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lock Statement (C# Reference)

The lock keyword marks a statement block as a critical section by obtaining the mutual-exclusion lock for a given object, executing a statement, and then releasing the lock. The following example includes a lock statement.

    class Account
    {
        decimal balance;
        private Object thisLock = new Object();

        public void Withdraw(decimal amount)
        {
            lock (thisLock)
            {
                if (amount > balance)
                {
                    throw new Exception("Insufficient funds");
                }
                balance -= amount;
            }
        }
    }

For more information, see Thread Synchronization (C# and Visual Basic).

The lock keyword ensures that one thread does not enter a critical section of code while another thread is in the critical section. If another thread tries to enter a locked code, it will wait, block, until the object is released.

The section Threading (C# and Visual Basic) discusses threading.

The lock keyword calls Enter at the start of the block and Exit at the end of the block. A ThreadInterruptedException is thrown if Interrupt interrupts a thread that is waiting to enter a lock statement.

In general, avoid locking on a public type, or instances beyond your code's control. The common constructs lock (this), lock (typeof (MyType)), and lock ("myLock") violate this guideline:

  • lock (this) is a problem if the instance can be accessed publicly.

  • lock (typeof (MyType)) is a problem if MyType is publicly accessible.

  • lock("myLock") is a problem because any other code in the process using the same string, will share the same lock.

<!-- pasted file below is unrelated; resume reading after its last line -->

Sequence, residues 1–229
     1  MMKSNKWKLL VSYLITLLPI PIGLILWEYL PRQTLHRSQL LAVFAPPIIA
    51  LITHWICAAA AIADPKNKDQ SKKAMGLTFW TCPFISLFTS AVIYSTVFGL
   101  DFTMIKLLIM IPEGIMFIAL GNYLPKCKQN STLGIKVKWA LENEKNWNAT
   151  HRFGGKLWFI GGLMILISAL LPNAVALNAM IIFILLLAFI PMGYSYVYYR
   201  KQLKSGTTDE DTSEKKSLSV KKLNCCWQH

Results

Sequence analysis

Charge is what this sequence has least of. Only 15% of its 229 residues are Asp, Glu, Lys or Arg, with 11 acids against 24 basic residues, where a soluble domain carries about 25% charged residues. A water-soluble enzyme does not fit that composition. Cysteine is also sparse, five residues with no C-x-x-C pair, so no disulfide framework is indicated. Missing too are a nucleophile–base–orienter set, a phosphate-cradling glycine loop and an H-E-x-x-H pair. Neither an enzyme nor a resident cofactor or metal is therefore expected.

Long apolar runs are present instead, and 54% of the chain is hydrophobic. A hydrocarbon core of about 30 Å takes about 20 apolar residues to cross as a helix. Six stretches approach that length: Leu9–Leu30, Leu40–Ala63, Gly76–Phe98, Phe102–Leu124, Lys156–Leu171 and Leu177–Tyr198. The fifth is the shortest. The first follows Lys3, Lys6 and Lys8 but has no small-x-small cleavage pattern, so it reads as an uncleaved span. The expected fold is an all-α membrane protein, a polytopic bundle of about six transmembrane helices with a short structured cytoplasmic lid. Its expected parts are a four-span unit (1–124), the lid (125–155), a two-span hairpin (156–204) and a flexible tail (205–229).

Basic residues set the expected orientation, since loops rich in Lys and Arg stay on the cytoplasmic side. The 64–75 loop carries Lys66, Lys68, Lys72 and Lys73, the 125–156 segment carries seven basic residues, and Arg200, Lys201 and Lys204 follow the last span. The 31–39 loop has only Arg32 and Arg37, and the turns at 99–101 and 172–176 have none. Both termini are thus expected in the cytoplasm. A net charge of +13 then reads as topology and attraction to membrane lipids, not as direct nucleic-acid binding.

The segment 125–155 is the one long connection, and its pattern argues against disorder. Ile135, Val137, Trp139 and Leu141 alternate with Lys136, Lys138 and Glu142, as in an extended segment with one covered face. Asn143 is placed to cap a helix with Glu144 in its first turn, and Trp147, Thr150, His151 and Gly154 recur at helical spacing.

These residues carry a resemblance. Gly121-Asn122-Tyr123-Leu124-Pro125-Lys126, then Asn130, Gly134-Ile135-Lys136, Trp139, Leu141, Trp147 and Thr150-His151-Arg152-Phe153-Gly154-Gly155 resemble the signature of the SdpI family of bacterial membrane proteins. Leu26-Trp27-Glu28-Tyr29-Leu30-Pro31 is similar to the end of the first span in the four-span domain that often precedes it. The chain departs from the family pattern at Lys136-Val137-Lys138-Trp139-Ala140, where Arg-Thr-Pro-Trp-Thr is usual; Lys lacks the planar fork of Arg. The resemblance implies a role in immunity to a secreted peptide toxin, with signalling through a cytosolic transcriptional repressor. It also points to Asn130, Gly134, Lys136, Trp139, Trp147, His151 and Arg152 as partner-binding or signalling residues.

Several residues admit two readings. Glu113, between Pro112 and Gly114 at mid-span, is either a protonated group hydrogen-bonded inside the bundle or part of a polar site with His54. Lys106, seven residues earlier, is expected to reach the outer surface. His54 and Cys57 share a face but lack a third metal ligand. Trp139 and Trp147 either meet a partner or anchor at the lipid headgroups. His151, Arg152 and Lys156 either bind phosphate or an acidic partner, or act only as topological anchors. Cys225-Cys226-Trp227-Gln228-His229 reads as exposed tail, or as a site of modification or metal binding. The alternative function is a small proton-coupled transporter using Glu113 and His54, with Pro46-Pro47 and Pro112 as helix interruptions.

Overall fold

Best practice is to define a private object to lock on, or a private static object variable to protect data common to all instances.

You can't use the await keyword in the body of a lock statement.

The following sample shows a simple use of threads without locking in C#.

    //using System.Threading; 

    class ThreadTest
    {
        public void RunMe()
        {
            Console.WriteLine("RunMe called");
        }

        static void Main()
        {
            ThreadTest b = new ThreadTest();
            Thread t = new Thread(b.RunMe);
            t.Start();
        }
    }
    // Output: RunMe called

The following sample uses threads and lock. As long as the lock statement is present, the statement block is a critical section and balance will never become a negative number.

    // using System.Threading; 

    class Account
    {
        private Object thisLock = new Object();
        int balance;

        Random r = new Random();

        public Account(int initial)
        {
            balance = initial;
        }

        int Withdraw(int amount)
        {

            // This condition never is true unless the lock statement 
            // is commented out. 
            if (balance < 0)
            {
                throw new Exception("Negative Balance");
            }

            // Comment out the next line to see the effect of leaving out  
            // the lock keyword. 
            lock (thisLock)
            {
                if (balance >= amount)
                {
                    Console.WriteLine("Balance before Withdrawal :  " + balance);
                    Console.WriteLine("Amount to Withdraw        : -" + amount);
                    balance = balance - amount;
                    Console.WriteLine("Balance after Withdrawal  :  " + balance);
                    return amount;
                }
                else
                {
                    return 0; // transaction rejected
                }
            }
        }

        public void DoTransactions()
        {
            for (int i = 0; i < 100; i++)
            {
                Withdraw(r.Next(1, 100));
            }
        }
    }

    class Test
    {
        static void Main()
        {
            Thread[] threads = new Thread[10];
            Account acc = new Account(1000);
            for (int i = 0; i < 10; i++)
            {
                Thread t = new Thread(new ThreadStart(acc.DoTransactions));
                threads[i] = t;
            }
            for (int i = 0; i < 10; i++)
            {
                threads[i].Start();
            }
        }
    }

For more information, see the C# Language Specification. The language specification is the definitive source for C# syntax and usage.

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